11. Good point. But I think pilgrimscrybe asks a good question. And I am pretty sure we could take almost any book or movie and ask, "Well, why didn't they just do this?" and have the story completed in 50 words or less. Well, as an aspiring fiction writer myself, let me say writers do THINK about such things and usually there answers. Whether those will satisfy everyone...well no, but: 1. For Gandalf, the temptation of the ring was too much. He couldn't be the Ring bearer so he couldn't just fly to Mount Doom. Also, those eagles weren't stealth eagles. He would be dealing with a head on, mental and spritual fight with Sauron, WHILE all 9 Nazgul tried to take him and his eagles out, WHILE an army of orcs rushed the enterance to the shaft. Without surprise, it would not have worked. 2. In Harry Potter, Harry is being watched more closely than the reader...who is viewing everything through Harry's mind...might realize. If the tried to kidnap Harry that way, I suspect BOTH Dumbledore and Snape would have been on him like a bat out of hell. Magic leaves traces and can be detected. It's just not that easy. And Voldemort doesn't initiate the whole Triwizard tournament. Like the Joker in Batman he just "spins" it to his advantage, using it to misdirect those guarding Harry so they aren't looking the right way when the attack comes. So to me anyway, it remains very plausable within the context of the world that's built. I agree that one can play "what if.." with most stories, and that also that this is fair game, especially as Peter points out, where suspension of disbelief is concerned.
  12. . (Wikipedia also confirms what I had been wondering re: the opening attack on the Millennium Bridge: the book takes place about two years before construction began on the bridge in real life, so it would seem the movies have updated the events of the books to "today".) FWIW, in the book, the new Minister of Magic comes calling on Harry when he's at the Burrow. The minister wants Harry to be a sort of poster boy for his efforts. Harry shows a lot of maturity and refuses. I'm not at all convinced that Harry in the books, at this stage, would have acted the way he does in the film.
  13. I would love, love, love to go back. Every year about this time I get get his lump in my throat when I realize I can't go. "Ever" is a big word. Right now, with effectively no job, a 20 month old and a new baby coming in December, it's pretty unlikely. But maybe in 4 or 5 years!
  14. Harris-Stone


    That was the one thing about the film...the shortness of the journey...heck, what journey? It was more like a joyride. I live in Mexico. Maybe most of y'all above the border...here we call it "the other side," don't realize it, but most maps make the countries down here look much, much smaller than they actually are. There are 2,900 miles between Angel Falls and Chicago. That's more than the distance from New York to Los Angeles or from London to Tel Aviv. OK, I know, as Peter is pointing out, the story is a fantasy. And I'm sure from the storytelling point of view having the journey be longer was a problem, especially for how the relationship between Karl and Russell develops. Still, it bugged the heck out of me. Some interesting tidbits about the Paradise Falls location from Wikipedia: Docter made Venezuela the film's setting after Ralph Eggleston gave him a video of the tepui mountains.[8][24] In 2004, Docter and eleven other Pixar artists spent three days reaching Monte Roraima by airplane, jeep and helicopter.[16] They spent three nights there painting and sketching,[32] and encountering dangerous ants, mosquitos, scorpions, frogs and snakes. They also flew to Matawi Tepui and climbed to Angel Falls,[16] as well as Brazil. Docter felt "we couldn't use [the rocks and plants we saw]. Reality is so far out, if we put it in the movie you wouldn't believe it."[22] The film's creatures were also challenging to design because they had to fit in the surreal environment of the tepuis, but also be realistic because those mountains exist in real life.[24] The filmmakers visited Sacramento Zoo to observe a Himalayan Monal Pheasant for Kevin's animation.[1] The animators designed Russell as an Asian-American, and modeled Russell after similar looking Peter Sohn, a Pixar storyboarder who voiced Emile in Ratatouille and directed the short Partly Cloudy, because of his energetic nature.[11][33] More is in this article on the real location in Venezuela the film makers based Paradise Falls on. http://science4grownups.com/archives/2009/...adise-falls-530 I love Pete Doctor's quote: reality is so far out, if we put it in a movie you wouldn't believe it. As one who has traveled pretty extensively in Asia and the Middle East...I'd have to say this is really true! There are a lot of bizarre things out there in nature. Lately, whenever I approach the kitchen sink, the ants who have come in via the window form a line and begin to run to get out. It looks like rush hour on the interstate.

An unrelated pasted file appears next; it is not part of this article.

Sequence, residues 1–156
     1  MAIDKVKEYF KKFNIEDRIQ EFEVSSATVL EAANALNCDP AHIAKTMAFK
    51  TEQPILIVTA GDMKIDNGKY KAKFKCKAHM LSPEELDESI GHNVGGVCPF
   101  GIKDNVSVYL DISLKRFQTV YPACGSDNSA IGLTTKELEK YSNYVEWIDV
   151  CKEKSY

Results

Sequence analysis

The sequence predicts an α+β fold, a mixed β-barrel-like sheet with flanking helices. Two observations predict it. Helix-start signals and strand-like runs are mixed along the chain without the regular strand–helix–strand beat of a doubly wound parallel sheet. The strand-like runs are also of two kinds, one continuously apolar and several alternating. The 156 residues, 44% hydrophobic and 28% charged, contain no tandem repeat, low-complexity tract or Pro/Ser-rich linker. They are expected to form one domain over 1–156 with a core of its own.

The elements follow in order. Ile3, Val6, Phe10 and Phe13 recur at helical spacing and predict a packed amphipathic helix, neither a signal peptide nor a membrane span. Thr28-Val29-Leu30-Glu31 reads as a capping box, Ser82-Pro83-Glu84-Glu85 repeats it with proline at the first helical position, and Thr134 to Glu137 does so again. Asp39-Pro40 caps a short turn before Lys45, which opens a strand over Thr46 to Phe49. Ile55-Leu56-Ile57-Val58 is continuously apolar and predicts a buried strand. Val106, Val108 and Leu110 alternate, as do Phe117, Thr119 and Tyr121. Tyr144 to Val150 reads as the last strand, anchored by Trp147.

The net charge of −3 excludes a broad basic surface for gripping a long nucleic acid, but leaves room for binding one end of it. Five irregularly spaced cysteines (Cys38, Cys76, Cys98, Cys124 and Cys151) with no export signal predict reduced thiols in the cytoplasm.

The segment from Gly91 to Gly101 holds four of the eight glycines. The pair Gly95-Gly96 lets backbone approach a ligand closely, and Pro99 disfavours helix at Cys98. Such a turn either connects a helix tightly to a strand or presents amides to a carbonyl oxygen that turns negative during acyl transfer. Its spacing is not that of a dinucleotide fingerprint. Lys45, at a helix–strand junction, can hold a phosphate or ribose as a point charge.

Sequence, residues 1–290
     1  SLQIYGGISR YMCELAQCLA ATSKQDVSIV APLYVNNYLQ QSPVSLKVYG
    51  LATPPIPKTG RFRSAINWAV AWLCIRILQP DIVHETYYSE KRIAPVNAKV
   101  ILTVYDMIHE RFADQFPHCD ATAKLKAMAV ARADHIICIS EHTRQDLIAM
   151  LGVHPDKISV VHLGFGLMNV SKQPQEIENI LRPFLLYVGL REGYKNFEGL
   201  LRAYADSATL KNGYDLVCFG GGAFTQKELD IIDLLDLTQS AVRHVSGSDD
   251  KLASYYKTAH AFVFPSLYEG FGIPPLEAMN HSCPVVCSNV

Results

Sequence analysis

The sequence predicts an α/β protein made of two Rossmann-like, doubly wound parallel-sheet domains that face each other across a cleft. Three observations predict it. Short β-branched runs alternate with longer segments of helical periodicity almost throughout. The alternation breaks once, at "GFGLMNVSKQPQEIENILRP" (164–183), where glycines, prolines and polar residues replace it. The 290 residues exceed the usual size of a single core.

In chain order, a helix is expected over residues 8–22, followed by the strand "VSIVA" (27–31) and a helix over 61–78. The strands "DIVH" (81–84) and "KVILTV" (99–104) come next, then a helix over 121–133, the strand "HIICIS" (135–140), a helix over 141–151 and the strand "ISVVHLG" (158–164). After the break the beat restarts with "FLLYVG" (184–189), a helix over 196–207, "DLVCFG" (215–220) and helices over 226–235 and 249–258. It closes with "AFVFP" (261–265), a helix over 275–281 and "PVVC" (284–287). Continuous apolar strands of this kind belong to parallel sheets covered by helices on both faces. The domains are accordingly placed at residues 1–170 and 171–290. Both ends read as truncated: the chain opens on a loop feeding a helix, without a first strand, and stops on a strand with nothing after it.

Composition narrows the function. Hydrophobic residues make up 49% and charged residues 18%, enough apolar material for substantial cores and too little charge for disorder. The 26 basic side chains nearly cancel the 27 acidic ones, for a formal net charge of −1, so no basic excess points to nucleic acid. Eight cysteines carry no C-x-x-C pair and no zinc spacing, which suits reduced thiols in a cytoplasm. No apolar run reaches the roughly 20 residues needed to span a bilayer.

15. Sara... I loved Sweethearts and am really looking forward to sinking into this! When I was a Christian teen back in the late 70's, Campus Life was a great magazine. They are where I first heard about Mark Heard. They always seemed more in touch with life and issues and less subculturay if you know what I mean. They are still around, are part of Christianity Today and have a new name: Ignite your Faith. Here is their site. http://www.christianitytoday.com/iyf/. I know some folks around here have some connections to CT, so they might know someone. We ordered the mag for my nephew and niece a couple of years ago. He's now 18 and she's 16. They seemed to like it a lot. So maybe there would be something there. No idea as to subscriber base, etc. Another thought off the top of my head is CCM Magazine. I don't know how conservative they are about what they profile or how big their readership is...but it might be worth a try. One other venue comes to mind...the Cornerstone Festival. From what I understand its pretty big, encompasses more than just music and can be pretty cutting edge in a way for a Christian festival. They've had Over the Rhine, Vigilanties of Love and other play over the years who aren't in the CCM market at all. But maybe that's already happened. I can't believe we're nearly through July.